The present study provides an estimate of the prevalence of hypertensive crises in an emergency department during 1 year. This accounts for only 3% of the total patients but approximately one fourth (27%) of the urgencies-emergencies. To our knowledge, this last finding has never been reported before and indicates that hypertensive crises represent an important and common event in emergency medicine and require appropriate resources for their diagnosis and treatment. Data on the incidence of hypertensive crises in the general or hypertensive population would be most interesting from the epidemiological viewpoint, but to our knowledge they are not available in the literature and unfortunately cannot be estimated from the present study. Using the operational classification of hypertensive crises in urgencies and emergencies proposed by the Joint National Committee1 we found that hypertensive urgencies are more frequent than hypertensive emergencies (76% and 24%, respectively). Although hypertensive emergencies represent only one fourth of hypertensive crises, they are by definition characterized by end-organ damage so that the medical staff devotes a lot of time and effort to these patients. Other reports on this topic could enable us to compare the data from various areas of the same country or different countries.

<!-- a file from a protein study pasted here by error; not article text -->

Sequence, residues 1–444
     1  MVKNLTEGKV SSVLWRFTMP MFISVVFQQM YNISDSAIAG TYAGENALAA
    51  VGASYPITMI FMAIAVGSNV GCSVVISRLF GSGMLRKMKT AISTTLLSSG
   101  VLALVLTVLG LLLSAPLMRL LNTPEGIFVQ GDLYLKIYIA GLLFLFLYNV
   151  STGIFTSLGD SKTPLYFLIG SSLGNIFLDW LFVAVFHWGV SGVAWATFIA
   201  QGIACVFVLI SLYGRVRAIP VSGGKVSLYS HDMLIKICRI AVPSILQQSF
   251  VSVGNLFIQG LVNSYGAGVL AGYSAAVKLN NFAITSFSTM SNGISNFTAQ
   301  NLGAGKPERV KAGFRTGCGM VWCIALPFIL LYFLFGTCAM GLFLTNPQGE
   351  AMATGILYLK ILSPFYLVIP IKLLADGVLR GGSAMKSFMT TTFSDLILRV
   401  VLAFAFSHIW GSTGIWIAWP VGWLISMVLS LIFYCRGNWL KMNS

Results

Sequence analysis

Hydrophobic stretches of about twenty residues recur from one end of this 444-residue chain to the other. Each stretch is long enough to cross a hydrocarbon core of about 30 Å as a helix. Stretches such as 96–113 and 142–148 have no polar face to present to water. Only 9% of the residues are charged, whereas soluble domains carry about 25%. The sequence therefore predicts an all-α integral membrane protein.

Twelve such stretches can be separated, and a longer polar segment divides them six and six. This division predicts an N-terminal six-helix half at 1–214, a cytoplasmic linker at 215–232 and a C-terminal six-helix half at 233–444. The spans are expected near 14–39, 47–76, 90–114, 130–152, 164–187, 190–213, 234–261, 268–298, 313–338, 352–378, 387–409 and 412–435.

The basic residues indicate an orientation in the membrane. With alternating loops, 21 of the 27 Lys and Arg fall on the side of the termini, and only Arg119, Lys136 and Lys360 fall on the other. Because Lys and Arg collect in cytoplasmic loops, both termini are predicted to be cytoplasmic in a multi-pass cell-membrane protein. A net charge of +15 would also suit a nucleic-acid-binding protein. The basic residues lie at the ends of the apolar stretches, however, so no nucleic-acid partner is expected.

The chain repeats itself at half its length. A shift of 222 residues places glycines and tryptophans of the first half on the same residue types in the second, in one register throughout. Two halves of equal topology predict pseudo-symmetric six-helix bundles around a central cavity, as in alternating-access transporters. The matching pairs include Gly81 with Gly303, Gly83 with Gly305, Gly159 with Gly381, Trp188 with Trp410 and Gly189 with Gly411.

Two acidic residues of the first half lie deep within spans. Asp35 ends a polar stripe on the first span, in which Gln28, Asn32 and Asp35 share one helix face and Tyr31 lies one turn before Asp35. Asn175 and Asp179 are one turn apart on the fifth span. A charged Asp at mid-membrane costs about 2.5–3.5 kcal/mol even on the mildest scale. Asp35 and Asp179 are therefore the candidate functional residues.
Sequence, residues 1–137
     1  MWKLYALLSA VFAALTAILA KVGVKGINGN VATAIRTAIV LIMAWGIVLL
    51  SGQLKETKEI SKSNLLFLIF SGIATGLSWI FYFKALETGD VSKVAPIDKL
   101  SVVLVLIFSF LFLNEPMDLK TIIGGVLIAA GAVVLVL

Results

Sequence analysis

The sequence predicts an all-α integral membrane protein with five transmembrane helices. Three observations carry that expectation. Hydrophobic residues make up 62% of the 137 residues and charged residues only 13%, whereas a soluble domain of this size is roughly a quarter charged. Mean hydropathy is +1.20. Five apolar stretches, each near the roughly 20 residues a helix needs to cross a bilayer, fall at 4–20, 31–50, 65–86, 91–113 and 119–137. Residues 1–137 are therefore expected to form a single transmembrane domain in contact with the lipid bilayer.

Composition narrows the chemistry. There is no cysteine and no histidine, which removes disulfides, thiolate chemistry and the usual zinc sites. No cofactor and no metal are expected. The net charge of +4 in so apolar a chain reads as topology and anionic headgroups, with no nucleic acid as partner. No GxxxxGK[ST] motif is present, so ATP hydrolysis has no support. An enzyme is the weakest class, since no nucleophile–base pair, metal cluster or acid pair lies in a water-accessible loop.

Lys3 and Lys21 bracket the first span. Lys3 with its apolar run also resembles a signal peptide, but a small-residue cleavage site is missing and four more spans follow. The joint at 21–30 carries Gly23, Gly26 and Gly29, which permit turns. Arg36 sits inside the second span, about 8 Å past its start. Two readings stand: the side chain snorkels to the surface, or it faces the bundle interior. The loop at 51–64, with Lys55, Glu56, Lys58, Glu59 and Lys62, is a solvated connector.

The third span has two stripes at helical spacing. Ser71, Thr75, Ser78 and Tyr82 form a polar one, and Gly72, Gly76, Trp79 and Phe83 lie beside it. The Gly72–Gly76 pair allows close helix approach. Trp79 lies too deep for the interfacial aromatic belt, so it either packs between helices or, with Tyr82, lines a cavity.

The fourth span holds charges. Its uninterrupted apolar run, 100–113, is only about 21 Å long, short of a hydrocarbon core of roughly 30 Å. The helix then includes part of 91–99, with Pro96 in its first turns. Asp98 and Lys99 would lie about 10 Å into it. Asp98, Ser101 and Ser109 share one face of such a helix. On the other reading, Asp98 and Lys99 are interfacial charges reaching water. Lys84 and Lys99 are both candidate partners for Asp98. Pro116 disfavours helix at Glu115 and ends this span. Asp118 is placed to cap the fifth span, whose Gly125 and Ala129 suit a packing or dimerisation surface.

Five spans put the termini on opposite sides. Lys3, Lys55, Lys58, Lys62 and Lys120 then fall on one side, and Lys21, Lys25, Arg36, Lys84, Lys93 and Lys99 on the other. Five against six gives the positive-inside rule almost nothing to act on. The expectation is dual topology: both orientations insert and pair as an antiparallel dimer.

As far as the time of presentation of hypertensive crises is concerned, as previously noted, we found two peaks during the day (at 9 am and 7 to 8 pm) and one peak during the year (January). The peaks during the day do not represent the time at which the crises occurred, owing to the variability of the latency period between the appearance of symptoms and arrival at the Emergency Department either by their own choice or having been sent by their doctor (transport time). On the other hand, the circadian and circannual rhythms of hypertensive crises are unknown, even though the Framingham Study showed that sudden cardiac death had a circadian variation with a peak at 7 to 9 am.12